The Hodeida withdrawal

Ahmed Eleiba , Sunday 21 Nov 2021

Al-Ahram Weekly keeps up with the latest developments in Yemen.

The Hodeida withdrawal
A Yemeni pro-government fighter is pictured during fighting with Houthi rebels on the south frontline of Marib (photo: AFP)

While the fighting rages on in Marib, where the Ansarullah (Houthi) forces mounted an offensive to seize the northeastern province from the Arab coalition-backed pro-legitimate government, an unanticipated development took place at the opposite end of the country. Pro-government forces suddenly withdrew from their positions on the coast in and near the strategic port city of Hodeida, for no obvious or logical reason, and the Houthi militias quickly moved in to replace them. Yemeni sources told Al-Ahram Weekly that the Houthis hesitated at first, thinking it was a trap, later advancing in large numbers from Dhamar and Ibb provinces.

Contingents of the pro-government forces – which are made up of the Amaliqa (Giants) Brigades, the Tihama Resistance, the Republican Guard and the Haitham Qassem Brigade – have offered conflicting and controversial explanations for the withdrawal. The Giants, for example, described the withdrawal as a “redeployment” consistent with the Stockholm agreement of 2019, keeping those areas “governed by an international agreement demilitarised and safe for civilians,” they said in statement. Observers found this justification odd because government forces had strongly opposed the Stockholm agreement which obliged them to halt their advance on Hodeida at a time when the balance of power on the ground was in their favour. For their part the Republican Guard, or National Resistance as they are now known, said, “the aim is to redeploy in order to avoid the mistakes made by the politicians in the Swedish agreement.”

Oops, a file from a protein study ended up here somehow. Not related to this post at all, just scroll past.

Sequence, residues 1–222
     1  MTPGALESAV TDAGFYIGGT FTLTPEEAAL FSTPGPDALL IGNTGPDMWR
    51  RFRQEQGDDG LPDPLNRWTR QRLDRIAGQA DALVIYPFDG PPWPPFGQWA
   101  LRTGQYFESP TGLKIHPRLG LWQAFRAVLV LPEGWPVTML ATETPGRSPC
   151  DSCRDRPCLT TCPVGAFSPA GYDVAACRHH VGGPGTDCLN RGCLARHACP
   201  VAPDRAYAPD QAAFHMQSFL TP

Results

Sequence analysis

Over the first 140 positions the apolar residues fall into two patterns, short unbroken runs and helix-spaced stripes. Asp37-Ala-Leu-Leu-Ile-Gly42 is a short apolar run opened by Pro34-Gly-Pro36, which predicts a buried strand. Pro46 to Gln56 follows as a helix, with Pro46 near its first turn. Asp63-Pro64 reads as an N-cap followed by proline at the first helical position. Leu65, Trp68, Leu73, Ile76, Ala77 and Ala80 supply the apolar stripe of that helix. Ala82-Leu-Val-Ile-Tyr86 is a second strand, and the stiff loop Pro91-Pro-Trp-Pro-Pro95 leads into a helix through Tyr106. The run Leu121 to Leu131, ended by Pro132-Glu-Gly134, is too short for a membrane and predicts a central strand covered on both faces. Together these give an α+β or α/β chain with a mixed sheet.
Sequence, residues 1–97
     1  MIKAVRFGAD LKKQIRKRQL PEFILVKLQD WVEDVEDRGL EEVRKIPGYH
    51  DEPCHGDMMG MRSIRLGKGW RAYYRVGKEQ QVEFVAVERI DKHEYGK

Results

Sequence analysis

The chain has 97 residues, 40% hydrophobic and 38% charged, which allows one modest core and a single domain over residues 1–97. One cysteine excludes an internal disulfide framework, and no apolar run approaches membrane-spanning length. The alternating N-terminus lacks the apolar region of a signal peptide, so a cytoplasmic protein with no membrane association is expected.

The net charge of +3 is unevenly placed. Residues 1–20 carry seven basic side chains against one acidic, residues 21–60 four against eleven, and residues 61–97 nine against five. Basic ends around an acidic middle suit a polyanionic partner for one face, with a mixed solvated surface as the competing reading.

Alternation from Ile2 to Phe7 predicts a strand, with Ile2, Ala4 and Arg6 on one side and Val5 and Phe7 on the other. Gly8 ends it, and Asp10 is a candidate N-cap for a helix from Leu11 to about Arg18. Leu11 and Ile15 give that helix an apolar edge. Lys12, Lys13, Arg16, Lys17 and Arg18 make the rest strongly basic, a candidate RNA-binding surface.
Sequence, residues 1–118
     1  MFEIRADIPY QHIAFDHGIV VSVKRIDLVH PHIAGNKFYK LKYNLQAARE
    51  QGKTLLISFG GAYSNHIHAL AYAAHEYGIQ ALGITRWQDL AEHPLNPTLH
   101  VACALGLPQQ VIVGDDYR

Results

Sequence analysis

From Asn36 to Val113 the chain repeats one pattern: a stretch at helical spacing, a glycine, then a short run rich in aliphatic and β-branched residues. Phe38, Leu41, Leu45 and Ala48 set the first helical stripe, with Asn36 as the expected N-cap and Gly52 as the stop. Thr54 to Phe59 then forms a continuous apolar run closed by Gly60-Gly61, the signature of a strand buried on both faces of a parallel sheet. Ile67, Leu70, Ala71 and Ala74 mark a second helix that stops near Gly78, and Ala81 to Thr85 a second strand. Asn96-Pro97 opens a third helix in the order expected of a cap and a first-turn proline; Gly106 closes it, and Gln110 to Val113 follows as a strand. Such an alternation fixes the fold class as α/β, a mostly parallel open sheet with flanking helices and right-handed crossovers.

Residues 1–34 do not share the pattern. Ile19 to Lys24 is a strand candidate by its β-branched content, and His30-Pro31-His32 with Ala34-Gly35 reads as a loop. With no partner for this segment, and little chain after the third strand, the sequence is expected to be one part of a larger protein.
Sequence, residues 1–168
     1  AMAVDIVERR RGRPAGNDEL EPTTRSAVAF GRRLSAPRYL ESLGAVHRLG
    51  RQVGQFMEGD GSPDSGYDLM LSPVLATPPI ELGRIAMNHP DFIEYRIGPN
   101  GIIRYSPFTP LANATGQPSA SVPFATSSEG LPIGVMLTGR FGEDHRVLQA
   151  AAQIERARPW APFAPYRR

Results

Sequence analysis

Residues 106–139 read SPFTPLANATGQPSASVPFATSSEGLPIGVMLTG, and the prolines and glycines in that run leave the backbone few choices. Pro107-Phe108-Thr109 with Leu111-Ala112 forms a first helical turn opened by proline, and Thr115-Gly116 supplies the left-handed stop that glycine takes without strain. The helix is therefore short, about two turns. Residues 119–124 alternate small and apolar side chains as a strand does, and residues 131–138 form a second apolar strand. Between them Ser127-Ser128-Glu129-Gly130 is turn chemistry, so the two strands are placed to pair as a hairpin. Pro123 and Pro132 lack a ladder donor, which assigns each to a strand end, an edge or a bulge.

According to local press reports, the Haitham Qassem Brigade returned to Aden in southern Yemen to take up its positions on the fronts in Dhali, Karsh, Thura and Bayhan. Four regiments of the brigade handed over their positions at Kilometre 16 in Hodeida to the Republican Guard, commanded by Tarek Salah. Also according to these sources, two more regiments from this brigade withdrew together with troops from the Giants. All returned to the south in order to redeploy at the fronts in Abyan and Shabwa provinces.

The withdrawal of forces from Kilometre 16 opened up the main highway between Hodeida and Sanaa, which gives the Houthis a great strategic advantage. This development might herald the reopening of the port for commercial shipping which would serve the capital and other northern cities falling under the Houthis’ control.

If the withdrawal came as a surprise to them, it may pave the way for some political arrangements. Nevertheless, the coalition command issued no explanation for the withdrawal or “redeployment,” although Saudi Arabia stressed that the coalition was not about to withdraw militarily from Yemen.

One possible explanation may be that the redeployment is intended to secure the southern provinces from a Houthi advance in that direction. Many observers believe that this is the Houthis’ plan in the event of them gaining control of Marib. However, this conflicts with the announcement by the coalition command that the Houthis deployed in Hodeida after the aforementioned forces have now withdrawn from that area.